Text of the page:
Writing this series on the reasons why we fish has been if nothing more, an interesting exercise in introspection. Not just because of the reasons that have been uncovered, but more so because of the serendipitous events that sometimes have surrounded some of these essays that have confirmed my beliefs about the subject. Take this week's topic of "mystery" for example. I had been contemplating this subject, and the role it has played in my obsession with this craft for quite some time. And to my surprise, it seems that I am not the only one who has pondered the role of mystery in the act of angling.
One of the things that for me, differentiates fishing from any other outdoor sport is the mystery that is involved. When one engages in the act of angling, they are in no small part participating in a search for the proverbial needle in a haystack with a blindfold on. The world that resides below the surface of a body of water is almost as mysterious as the realm of outer space. It's not like hunting for example, where our prey lives in the same environment, breathes the same air, and walks the same ground. No....this is altogether different, and one of the reasons why I believe we are driven to continually probe a part of our natural world in which we are not designed to live.
So, yesterday I had some time to kill on my lunch hour, and like I often do, I fill the space by watching old episodes of the show that sparked my interest in fly fishing, The Walkers Cay Chronicles. This particular episode that originally aired back in 1997, found host Flip Pallot and his guest Hal Chittum exploring an ecosystem that epitomizes the concept of mystery, the Florida Everglades. Not surprisingly, Flip had some profound words that sparked some deep thoughts on the subject.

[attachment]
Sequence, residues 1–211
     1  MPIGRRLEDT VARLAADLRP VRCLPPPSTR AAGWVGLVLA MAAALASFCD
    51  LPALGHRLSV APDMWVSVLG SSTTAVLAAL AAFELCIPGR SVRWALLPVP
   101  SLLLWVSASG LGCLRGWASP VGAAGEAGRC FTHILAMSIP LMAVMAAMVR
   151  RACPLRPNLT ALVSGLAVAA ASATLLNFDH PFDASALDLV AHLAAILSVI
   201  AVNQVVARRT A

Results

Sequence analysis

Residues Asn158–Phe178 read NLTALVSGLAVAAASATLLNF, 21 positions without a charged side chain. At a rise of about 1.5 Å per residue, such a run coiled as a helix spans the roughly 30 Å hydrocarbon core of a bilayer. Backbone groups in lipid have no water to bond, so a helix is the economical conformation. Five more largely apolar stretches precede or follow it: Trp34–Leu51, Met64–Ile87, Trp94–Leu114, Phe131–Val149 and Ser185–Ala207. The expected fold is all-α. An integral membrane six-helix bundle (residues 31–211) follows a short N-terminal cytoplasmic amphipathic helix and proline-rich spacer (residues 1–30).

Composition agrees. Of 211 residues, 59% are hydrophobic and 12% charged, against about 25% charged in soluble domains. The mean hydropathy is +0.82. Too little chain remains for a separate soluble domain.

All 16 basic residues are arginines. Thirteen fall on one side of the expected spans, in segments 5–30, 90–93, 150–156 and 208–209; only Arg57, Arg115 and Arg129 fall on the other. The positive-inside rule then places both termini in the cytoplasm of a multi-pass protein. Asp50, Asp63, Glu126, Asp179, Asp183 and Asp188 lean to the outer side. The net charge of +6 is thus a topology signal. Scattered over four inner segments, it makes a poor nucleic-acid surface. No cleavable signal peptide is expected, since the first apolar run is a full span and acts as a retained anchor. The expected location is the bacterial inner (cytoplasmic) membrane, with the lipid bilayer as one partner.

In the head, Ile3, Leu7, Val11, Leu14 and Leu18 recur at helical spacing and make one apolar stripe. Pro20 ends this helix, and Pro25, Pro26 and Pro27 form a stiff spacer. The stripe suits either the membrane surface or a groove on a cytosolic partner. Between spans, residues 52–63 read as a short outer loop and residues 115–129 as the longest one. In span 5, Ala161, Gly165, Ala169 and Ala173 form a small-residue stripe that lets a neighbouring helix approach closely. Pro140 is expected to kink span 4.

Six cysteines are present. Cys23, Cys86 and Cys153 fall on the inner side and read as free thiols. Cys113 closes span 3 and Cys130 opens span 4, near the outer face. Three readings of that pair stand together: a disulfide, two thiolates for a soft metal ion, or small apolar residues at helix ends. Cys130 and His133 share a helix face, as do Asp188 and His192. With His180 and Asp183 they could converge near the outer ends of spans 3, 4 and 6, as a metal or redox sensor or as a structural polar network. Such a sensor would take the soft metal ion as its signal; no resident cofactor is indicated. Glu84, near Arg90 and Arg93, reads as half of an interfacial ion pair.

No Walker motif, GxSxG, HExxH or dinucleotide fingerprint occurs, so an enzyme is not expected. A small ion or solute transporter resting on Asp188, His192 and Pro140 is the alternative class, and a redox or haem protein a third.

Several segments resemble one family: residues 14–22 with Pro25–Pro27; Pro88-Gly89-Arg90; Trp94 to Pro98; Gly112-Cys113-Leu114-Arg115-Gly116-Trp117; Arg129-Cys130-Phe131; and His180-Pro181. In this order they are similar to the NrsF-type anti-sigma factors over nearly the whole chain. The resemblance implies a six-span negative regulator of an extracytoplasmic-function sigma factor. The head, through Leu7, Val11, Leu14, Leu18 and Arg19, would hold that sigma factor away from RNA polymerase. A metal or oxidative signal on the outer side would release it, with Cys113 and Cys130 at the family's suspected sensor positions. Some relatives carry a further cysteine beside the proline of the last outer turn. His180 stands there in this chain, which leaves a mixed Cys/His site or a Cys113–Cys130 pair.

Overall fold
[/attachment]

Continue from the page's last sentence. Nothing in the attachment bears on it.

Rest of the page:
" I am convinced that the essence of fishing is drawn from memory. I've thought about this a great deal. Why does this sport...if that's what it is, never get old like we do. Why do we still get excited about it, when so many other things in our lives have become predictable. I think it's because we remember when we fish. Not stories necessarily, but feelings, thrills that reside in our emotional memory bank. When we come out here we push certain buttons and the years begin falling away like coppery autumn leaves on the surface of the water, and we are children all over again for a little while. "
What was profound about this quote for me was that the one overriding memory I have about fishing as a kid, one that has stuck with me for the almost 50 years I have been on this Earth is the fascination with the mystery of what lies below the waters surface. That no matter how adept I may become at exploring the world below with a lure tethered to a line that is tethered to a rod, I will always be much like an individual whose vision is impaired and relies on their sense of touch and feel to traverse the alien world below.
The old literary saying that "everyone loves a good mystery" is true for more reason than one. I believe primarily that it is because it is hardwired into our nature to explore the unknown. The ability to ask "why", and then to take action to actually figure out "why" is one of the things that separates us from our opponent that so elegantly lives in the mysterious world we are trying to figure out...which ironically is another mystery in and of itself.
Oh and by the way, did you also notice in Flip's quote that even he questions whether fishing is a sport?
Hope you all have a great week full of mystery and intrigue!